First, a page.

Drivers in New York won’t lose their license just because they can’t pay a traffic fine, according to a state law that took full effect June 29.
The law also allows for drivers who lost their license because they didn’t show up for a traffic hearing to enter into a payment plan in order to get their license restored.
The Driver’s License Suspension Reform Act is expected to end the practice of suspensions when the driver can’t afford the fine.
The law was passed last year and was sponsored by Sen. Tim Kennedy of Buffalo and Assemblymember Pamela Hunter of Syracuse. New York is among 20 states that in the past five years have passed laws to end suspensions based on ability to pay a fine, according to the Fines and Fees Justice Center.
According to the report Driving While Black and Latinx: Stops, Fines, Fees, and Unjust Debts, people of color in New York are disproportionately stopped, ticketed, arrested, charged and convicted for traffic violations and for driving on a suspended license.
A traffic ticket can have a domino effect for someone who can’t afford the fine. A person driving on a suspended license is subject to more fines and potentially jail, Fines and Fees Justice Center wrote in a news release. The advocacy organization said that between January 2016 and April 2018, New York issued approximately 1.7 million suspensions for non-payment of fine and failure to appear at traffic hearings.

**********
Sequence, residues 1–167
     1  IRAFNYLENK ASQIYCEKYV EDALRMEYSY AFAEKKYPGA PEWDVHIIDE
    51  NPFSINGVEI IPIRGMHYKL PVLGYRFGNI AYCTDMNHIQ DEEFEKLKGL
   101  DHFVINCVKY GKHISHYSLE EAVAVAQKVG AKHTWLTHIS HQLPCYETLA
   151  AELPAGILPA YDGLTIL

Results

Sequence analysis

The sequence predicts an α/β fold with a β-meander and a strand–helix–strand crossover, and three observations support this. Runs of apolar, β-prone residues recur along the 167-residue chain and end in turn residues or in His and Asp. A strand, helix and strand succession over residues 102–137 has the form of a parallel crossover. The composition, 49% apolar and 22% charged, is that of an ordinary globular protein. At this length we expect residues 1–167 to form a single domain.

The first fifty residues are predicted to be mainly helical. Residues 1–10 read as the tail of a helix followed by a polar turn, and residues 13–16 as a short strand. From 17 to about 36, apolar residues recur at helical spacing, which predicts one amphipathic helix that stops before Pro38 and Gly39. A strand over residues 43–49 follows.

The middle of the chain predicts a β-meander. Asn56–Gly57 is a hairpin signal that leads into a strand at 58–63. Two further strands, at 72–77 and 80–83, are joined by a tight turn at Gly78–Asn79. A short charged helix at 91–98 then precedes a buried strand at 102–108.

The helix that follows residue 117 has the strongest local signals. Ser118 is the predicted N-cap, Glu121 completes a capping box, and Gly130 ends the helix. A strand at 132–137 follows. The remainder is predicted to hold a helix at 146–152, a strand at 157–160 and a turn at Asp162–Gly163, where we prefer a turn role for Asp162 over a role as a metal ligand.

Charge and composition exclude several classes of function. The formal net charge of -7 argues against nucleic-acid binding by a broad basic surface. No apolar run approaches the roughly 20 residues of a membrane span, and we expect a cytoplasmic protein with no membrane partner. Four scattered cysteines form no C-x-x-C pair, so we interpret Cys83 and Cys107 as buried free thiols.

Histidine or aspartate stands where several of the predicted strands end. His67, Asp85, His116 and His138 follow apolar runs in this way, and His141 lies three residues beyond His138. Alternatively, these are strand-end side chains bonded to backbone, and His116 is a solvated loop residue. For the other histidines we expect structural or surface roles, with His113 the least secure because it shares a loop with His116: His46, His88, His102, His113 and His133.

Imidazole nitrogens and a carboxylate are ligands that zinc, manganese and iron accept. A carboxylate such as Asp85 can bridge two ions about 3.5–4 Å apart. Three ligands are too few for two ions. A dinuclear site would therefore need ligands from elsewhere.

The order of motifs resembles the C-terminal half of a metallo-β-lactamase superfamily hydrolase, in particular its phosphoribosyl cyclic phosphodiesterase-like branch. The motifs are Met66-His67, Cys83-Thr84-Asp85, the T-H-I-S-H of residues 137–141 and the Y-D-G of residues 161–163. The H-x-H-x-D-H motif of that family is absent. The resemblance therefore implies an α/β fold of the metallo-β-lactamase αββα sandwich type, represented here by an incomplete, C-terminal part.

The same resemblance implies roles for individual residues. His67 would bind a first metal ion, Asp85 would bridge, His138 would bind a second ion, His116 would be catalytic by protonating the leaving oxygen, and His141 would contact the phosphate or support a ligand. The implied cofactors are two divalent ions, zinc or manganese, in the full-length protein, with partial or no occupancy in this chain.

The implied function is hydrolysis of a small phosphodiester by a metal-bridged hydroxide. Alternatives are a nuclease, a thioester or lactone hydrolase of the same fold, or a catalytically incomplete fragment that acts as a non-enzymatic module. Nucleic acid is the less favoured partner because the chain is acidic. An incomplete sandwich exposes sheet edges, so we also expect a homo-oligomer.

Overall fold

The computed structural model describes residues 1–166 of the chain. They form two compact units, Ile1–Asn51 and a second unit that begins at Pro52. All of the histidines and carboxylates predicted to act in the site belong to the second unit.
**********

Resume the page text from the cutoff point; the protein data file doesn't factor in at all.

Details of traffic debt suspensions are at www.drivenbyjustice.org. Scroll to “suspension facts.”
“This new law does a lot to advance economic and racial inequality in New York,” Katie Adamides, New York state director at the Fines and Fees Justice Center, said in the news release. “Ending debt-based driving restrictions is a meaningful first step toward ending New York’s predatory fines and fees that encourage policing-for-profit and criminalize poverty.”
The legislation allows for payment plans at 2% of the person’s monthly income or $25 per month, whichever is greater.
The new law will help New Yorkers regain their licenses and their ability to legally drive to work and use a car for other necessities. People who didn’t respond to their traffic ticket because they couldn’t pay the fine can enter into a payment plan that will include the reinstatement fee.
Individuals also will be issued to notifications prior to license suspension.
The new law does not end license suspensions for failure to appear. Those individuals have to go to the traffic court in the jurisdiction in which they are instructed to appear or enter into an installment plan.
The Monroe County Public Defender’s Office has a fact sheet on the new law. Link to English version: https://tinyurl.com/DLSRA-FAQs. Link to the Spanish version: https://tinyurl.com/DLSRA-FAQs-Spanish